Prairie Haircut Time

It is the time of year when the Prairie Borders have their annual hair cut.  This is a definite sign of spring for my garden, but it is also the start of the period when these borders look at their worst.

Before the haircut they look like this:
The borders consist of Stipa tenuissima, Stipa arundinacea (which is now apparently Anemanthele lessoniana) and verbena bonariensis.  There are a few Vebascum bombyciferum as well dotted through.  All the plants were grown from seed and I weed it carefully to stop other self-seeders from wandering in.  All through the winter they give movement and structure to this part of the garden.  When rained on, when frosty, even if we get some snow I think they look good.  Even the dead echinops stems give height and colour and provide winter sleepy-places for insects and wildlife.

I began planting out this area way back in 2011, a few years after I came to live here.  I wrote about their origins here.

Once the weather starts to warm a little and there gets to be a flush of green in the stipa tenuissima showing it is starting to grow again, I know it is time for its haircut.
This hand sickle from Burgen and Ball is the tool of choice for this task.  You can see it is a few years old now and it makes light work of the grass cutting.  I usually twist the S.Tenuissima around and then saw through it close to the base.   It is a very satisfying way of spending time in the garden.
As the work progresses the borders start to look really quite grim.  There is no disguising this.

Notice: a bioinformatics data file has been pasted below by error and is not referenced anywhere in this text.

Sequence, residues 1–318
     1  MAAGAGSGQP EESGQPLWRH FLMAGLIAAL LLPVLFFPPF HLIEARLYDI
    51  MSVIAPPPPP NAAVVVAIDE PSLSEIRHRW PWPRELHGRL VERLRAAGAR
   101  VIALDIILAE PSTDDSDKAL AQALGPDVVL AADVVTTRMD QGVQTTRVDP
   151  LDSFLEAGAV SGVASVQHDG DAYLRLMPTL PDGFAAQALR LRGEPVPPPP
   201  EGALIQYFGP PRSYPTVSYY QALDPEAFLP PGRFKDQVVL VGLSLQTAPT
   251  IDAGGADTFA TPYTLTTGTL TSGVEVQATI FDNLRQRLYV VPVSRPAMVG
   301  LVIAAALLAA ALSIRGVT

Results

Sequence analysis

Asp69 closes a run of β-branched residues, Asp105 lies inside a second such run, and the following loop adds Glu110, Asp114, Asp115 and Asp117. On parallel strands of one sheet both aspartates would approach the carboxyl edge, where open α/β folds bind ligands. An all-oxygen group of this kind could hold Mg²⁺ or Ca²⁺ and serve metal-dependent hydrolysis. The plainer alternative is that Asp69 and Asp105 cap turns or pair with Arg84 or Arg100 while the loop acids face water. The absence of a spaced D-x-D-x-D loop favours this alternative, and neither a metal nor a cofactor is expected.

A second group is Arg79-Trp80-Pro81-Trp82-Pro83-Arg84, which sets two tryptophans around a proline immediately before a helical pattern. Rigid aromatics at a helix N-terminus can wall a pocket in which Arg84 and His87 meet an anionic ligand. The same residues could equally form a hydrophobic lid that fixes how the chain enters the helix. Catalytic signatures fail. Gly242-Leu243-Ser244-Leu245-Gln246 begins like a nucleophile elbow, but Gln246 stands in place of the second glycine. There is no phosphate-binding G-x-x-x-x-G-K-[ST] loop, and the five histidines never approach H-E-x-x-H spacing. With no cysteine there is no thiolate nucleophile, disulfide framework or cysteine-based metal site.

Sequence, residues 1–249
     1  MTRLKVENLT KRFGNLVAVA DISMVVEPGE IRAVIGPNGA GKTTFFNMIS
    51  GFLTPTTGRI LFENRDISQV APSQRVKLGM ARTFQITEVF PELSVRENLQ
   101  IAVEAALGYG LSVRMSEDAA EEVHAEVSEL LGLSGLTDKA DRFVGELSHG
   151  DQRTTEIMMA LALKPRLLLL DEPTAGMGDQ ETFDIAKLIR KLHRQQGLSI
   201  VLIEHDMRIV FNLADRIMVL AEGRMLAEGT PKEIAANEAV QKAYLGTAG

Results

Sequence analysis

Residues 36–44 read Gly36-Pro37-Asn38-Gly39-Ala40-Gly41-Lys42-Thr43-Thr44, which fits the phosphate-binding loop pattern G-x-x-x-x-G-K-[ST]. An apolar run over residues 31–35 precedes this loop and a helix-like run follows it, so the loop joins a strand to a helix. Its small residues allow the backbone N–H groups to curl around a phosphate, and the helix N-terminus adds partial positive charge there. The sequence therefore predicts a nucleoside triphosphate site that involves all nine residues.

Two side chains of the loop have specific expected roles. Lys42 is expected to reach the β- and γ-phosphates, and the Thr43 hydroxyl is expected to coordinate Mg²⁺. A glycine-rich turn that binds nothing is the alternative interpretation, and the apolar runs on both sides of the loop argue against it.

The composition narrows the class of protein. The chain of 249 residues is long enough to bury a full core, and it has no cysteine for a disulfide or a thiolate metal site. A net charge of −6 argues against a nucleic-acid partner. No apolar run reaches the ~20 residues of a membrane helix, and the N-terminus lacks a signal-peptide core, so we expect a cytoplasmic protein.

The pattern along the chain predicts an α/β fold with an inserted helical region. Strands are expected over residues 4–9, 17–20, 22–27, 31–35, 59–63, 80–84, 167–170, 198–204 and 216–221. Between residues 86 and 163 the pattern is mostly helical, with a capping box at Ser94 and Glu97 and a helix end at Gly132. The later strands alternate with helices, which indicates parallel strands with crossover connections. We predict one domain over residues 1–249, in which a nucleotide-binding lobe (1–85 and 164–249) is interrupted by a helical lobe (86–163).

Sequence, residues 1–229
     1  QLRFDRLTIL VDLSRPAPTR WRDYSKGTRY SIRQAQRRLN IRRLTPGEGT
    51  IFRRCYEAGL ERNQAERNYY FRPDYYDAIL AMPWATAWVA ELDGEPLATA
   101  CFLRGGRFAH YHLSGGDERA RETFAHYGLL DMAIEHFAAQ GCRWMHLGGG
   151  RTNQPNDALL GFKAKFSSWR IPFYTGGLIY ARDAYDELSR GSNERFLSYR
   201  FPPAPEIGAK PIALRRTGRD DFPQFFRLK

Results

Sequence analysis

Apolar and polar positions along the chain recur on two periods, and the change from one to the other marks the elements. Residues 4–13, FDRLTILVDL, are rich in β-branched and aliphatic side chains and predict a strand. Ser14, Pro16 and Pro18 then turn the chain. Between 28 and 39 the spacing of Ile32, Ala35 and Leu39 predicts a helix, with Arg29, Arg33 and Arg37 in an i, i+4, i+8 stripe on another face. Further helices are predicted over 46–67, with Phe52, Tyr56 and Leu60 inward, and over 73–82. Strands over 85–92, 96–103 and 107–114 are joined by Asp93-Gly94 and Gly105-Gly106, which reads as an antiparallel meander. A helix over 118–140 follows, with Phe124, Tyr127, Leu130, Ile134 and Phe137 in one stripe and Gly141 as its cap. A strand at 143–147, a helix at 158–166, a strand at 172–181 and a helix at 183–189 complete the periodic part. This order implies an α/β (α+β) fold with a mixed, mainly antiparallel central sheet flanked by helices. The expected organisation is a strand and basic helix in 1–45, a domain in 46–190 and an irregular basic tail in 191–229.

It also creates lots of composting material.  I like to think that all the nesting birds in the area have lovely stipa-lined homes.
Even Esme gets interested in the process.  As I am cutting the grasses back I am always delighted to find how much the wildlife love these borders.  I had worried they might be a bit of a monoculture and not very interesting to wildlife.  In the summer they are alive with bees and butterflies, particularly on the echinops but also in the grasses as well.  As I was working on this day I found several large bumble bees.  I am not sure if they nest in the borders or what, but I had to be careful to work around them.
Several hours later and it is all done for the year.  Like I said, it is not looking pretty, but I don't mind this.  Not every part of my garden is at its best for every part of the year.  The Spring Border is at its best now (clue in the name),and in September I will be looking more at these Prairie Borders and thinking that the Spring Border is way past its best, c'est la vie!


  1. Do you find Esme likes to sit on the clumps of grasses as they re-grow. (And squash them?) Spring border . . . wouldn't it be good if someone were to invent a daffodil that retracted its leaves five minutes after flowering?


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